This fundamentally changed the way I think about challenges and problems.
But as individuals, if we all do our positive best, then by default the world changes. But whilst you have got a single problem in your own life, why are you trying to solve other people’s problems?
As per my previous answer, I am content and happy. Therefore I am in a positive to help people become happy and content. If I wasn’t, how could I help others? It would be counter-intuitive to the solution.
12) How does your public speaking process work from initial planning to execution?
You can’t skip the steps. The more of a back catalogue of stories that you have, the easier it is to present.
So, an example of such, I’ve spoken over 2000 times in public. I’ve got it wrong, probably 50 times during that. Mostly upfront, I got it wrong.
So, the best way to learn how not to die on stage is to die on stage. However for so many, once you’ve died terribly, you really don’t want to do it again and I think that’s the difference.
So in terms of my message, we have a PowerPoint deck of over 400 slides, each of which has a story which is seeped in motivation and inspiration, we work with the client to find their problems and challenges and we create a start, middle and end to hit all of those points.
13) What book do you ask everyone in your team to read?
‘Now What?’. By Brad Burton.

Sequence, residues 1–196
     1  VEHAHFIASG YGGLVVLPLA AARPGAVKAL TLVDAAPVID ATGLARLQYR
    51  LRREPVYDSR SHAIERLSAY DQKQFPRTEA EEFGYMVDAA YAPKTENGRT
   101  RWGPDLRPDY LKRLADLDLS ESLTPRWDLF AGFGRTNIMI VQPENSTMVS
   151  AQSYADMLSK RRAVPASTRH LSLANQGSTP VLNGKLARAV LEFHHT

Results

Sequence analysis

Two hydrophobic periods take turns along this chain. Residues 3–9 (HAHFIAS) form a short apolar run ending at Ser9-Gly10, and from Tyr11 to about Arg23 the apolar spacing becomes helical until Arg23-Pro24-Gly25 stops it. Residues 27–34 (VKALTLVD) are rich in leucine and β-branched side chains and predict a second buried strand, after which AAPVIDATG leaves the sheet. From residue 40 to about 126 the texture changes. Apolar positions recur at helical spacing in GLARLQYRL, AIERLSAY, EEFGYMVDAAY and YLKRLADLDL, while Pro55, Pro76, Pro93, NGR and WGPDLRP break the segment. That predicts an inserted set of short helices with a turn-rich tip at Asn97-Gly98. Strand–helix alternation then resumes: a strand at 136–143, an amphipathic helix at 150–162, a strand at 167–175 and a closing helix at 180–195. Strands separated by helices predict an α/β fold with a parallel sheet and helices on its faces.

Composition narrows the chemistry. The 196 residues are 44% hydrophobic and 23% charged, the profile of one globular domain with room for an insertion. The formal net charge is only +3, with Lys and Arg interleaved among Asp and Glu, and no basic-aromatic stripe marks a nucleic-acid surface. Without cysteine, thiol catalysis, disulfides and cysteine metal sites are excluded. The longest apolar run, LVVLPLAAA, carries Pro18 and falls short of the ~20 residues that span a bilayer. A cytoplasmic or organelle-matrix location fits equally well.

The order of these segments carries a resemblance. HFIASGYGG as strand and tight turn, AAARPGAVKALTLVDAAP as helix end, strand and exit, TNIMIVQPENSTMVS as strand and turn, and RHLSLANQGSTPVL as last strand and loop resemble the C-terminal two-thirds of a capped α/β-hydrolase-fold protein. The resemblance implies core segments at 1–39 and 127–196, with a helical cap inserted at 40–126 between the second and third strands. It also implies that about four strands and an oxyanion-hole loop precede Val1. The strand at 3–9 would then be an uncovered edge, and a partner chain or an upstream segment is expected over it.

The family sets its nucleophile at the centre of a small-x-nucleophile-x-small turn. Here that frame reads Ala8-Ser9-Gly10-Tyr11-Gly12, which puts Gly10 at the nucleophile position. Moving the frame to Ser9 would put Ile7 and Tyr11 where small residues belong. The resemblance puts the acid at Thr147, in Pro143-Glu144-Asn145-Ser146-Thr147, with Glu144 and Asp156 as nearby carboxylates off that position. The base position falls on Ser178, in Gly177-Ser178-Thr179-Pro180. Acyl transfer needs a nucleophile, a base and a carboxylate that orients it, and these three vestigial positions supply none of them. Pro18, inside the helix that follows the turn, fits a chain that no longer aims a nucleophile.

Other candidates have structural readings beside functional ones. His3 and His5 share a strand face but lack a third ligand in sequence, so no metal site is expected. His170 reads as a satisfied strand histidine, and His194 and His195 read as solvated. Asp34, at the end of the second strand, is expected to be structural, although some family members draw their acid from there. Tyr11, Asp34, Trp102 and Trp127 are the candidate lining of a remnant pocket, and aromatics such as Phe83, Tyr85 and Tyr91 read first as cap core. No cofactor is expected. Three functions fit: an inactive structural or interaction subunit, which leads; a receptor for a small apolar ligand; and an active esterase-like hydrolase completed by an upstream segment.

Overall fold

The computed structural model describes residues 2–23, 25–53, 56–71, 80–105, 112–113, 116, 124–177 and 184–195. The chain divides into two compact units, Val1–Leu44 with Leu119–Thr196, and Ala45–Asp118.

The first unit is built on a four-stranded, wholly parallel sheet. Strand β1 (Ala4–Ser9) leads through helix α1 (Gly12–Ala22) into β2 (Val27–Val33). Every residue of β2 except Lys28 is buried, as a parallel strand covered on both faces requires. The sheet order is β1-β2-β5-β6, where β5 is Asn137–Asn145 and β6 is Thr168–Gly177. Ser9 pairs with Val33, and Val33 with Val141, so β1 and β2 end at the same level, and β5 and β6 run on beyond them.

It is a book that will change your life. Because the only time we ever ask that question Now What? is when the shit is hitting the fan. And let me just float this. People under stress don’t make great decisions. So on that basis, when you’re stressed you shouldn’t make any decisions.
Now What? is about preparing you for what to do when you’re not stressed so that you know when things start unravelling, you’ve already made the decision whilst in a state of mind that was clear and a head full of clarity.
It’s a life and game-changer.
14) What are some of your aims for the next ten years?
To not die. Joking. But listen, my absolute goal is to help other people be as happy and content and rounded as I believe I am.
Disclaimer: The content on this page are those of the interviewee and are for entertainment and informational purposes only. It should not be taken as advice, including for investments or anything else.